The Ashes

Technology, Science and other news
August 9, 2009

Curve Explorer: Visualize with Ease

Posted by : admin
Filed under : General

Chris Vanrensburg has created a curve explorer that gives you a nice visualization of curve functions which are used for animations (easing and the like).

Chris has more:

I looked at the work of Robert Penner, since it seems to have become the gold standard for motion curves. Nice stuff, and it inspired me. I wanted to see if I could take things a step further – ratchet it up a notch. What I ended up with is something I’m quite pleased with for a first pass at approaching this problem.

My work deviated from Robert Penner’s in a number of respects:

  1. It became clear to me quite early on that I didn’t want to implemented the resolved ease-out and ease-in-out versions of the easing equations for all the different types of curves, so that got me going down the path of creating curve function modifiers, in this case to take an ease-in curve function and spit back out the ease-out and ease-in-out variations.
  2. While I was at it, I decided, what the hay, let’s make an alternate version of the ease-in-out – I call it the ease-in-the-middle variation, because it swaps the ease-in and ease-out phases around so that the easing is in the middle of the curve. It was cheap, and the ease-in-the-middle curves may be compelling in some use case.
  3. And then, what the hay, why should you only get quadratic, cubic, quartic, and quintic easing – why not have arbitrary power curves. So I did it! Say hi to easeInPow, easeOutPow, easeInOutPow, and powRightInTheKisser (ok, the last one’s a joke for Family Guy fans – you know who you are).
  4. It became clear that I didn’t want curve functions to be value interpolators – merely 0-to-1 value remappers. You can do a lot with values in the range of 0 to 1, in terms of using them as blend ratios, or scaling factors. This alleviated the burden from every curve function to have to do the interpolation calculations. More importantly, though, it improves performance when you’re using multiple curve functions together to compose new curve functions (we’ll get to that in a moment), since they aren’t all redundantly re-performing the same interpolation many times over.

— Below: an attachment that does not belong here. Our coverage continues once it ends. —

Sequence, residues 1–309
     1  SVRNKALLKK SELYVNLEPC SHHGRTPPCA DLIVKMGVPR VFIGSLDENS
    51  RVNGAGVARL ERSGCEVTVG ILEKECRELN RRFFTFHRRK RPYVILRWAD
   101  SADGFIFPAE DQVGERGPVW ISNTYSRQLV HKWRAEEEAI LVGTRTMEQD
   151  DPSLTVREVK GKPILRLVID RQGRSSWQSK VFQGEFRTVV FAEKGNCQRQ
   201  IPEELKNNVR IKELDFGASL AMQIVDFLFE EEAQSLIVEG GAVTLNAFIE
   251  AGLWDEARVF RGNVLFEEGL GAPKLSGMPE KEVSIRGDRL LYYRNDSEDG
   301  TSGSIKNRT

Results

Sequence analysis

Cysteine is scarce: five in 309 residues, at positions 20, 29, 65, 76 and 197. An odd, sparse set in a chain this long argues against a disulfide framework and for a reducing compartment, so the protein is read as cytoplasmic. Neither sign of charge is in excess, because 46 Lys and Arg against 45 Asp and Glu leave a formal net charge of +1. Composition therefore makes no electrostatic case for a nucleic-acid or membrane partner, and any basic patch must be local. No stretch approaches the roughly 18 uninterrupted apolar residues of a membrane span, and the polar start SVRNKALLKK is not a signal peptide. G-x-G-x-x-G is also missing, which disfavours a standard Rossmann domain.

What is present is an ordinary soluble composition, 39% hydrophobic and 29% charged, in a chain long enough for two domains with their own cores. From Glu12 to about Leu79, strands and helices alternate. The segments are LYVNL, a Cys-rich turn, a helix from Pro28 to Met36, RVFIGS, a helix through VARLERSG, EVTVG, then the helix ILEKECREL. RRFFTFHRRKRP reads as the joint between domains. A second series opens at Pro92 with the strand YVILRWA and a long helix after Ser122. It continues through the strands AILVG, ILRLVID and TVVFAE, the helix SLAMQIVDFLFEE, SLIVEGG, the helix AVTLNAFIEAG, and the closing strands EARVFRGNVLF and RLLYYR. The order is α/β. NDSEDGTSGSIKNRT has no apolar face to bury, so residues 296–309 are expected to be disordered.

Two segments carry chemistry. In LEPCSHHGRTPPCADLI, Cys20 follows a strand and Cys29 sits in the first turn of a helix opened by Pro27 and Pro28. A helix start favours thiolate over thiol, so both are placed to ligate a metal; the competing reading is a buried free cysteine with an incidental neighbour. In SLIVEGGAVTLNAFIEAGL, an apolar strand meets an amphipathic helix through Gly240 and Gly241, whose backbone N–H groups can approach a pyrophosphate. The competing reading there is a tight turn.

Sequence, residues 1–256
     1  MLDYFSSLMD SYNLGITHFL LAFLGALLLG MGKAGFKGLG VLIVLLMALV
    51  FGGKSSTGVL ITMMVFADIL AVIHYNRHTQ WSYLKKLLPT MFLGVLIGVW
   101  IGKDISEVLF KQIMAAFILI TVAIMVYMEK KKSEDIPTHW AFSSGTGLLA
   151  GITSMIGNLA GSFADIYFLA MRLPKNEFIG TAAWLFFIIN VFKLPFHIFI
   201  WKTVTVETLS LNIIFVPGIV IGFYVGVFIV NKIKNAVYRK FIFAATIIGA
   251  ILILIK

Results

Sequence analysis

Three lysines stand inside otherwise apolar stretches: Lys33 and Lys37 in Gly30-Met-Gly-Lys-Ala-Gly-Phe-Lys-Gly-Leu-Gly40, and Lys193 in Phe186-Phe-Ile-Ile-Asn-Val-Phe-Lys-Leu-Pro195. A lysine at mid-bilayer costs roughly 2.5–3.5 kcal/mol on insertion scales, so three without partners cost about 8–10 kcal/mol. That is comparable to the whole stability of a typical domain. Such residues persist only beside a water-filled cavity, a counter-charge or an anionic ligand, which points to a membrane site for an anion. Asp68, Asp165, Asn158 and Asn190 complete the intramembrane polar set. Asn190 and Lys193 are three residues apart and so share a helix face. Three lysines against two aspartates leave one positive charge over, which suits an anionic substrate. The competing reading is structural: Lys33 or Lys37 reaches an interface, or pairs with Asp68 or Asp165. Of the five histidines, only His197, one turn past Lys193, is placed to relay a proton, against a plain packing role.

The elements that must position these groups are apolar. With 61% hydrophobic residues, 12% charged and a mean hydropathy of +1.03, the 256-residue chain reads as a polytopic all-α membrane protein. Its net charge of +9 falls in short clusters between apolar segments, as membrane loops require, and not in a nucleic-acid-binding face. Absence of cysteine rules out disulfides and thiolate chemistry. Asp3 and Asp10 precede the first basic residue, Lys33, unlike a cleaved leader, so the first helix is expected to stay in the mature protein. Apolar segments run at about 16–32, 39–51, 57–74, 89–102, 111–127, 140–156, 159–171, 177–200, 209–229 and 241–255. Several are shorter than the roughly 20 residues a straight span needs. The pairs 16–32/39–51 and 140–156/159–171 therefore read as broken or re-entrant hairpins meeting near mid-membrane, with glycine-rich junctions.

5. I wanted to be able to use curve functions as units, to be easily recombined to form new curve functions – treating them almost like simple values and involving them in operations with function operator methods. So, I introduced the concept of curve function modifiers. This got my juices flowing, and I was soon conjuring up interesting things you could do when you can operate on curve functions – like mixing two of them together in equal amounts, or bending them horizontally or vertically, or repeating them, or quantizing them, or redrawing them, or multiplying them, or just generally doing unspeakable things to them.
  6. I liked a lot of what Robert Penner did, but I wasn’t thrilled with his bounce curve. I wanted more bounce. And more bounces. And crazy sh*t, like controlling the shape of individual bounces (because I can get downright insane when JavaScript inspires me). So, I started with a fresh slate and implemented a parameterized bounce curve function generator, where you can control number of bounces, bounce peak curve, bounce width ratio, and bounce curve. Needless to say, I needed plenty of coffee to stimulate my math gland.

So, back to the Curve Explorer tool. As it turns out, it’s fun to play with curves – especially if you can see them plotted as you tweak parameters, or see how they affect motion with an animation, or what they look like as a color gradient. From the tool you’ll see what I mean as you peruse the list of preset curve expressions that I threw in there. My particular favorites are some of the bounce curves, like “third time’s a charm”, “super bouncy”, “fast thud”, “jumping bean”, and then some of the complex curves that use curve modifiers, like “wobbly easeInOutPow”, “pull and release elastic”, “coin settle effect”, “bounce down the stairs”, and “shutters slamming”. But they’re all fun, really.

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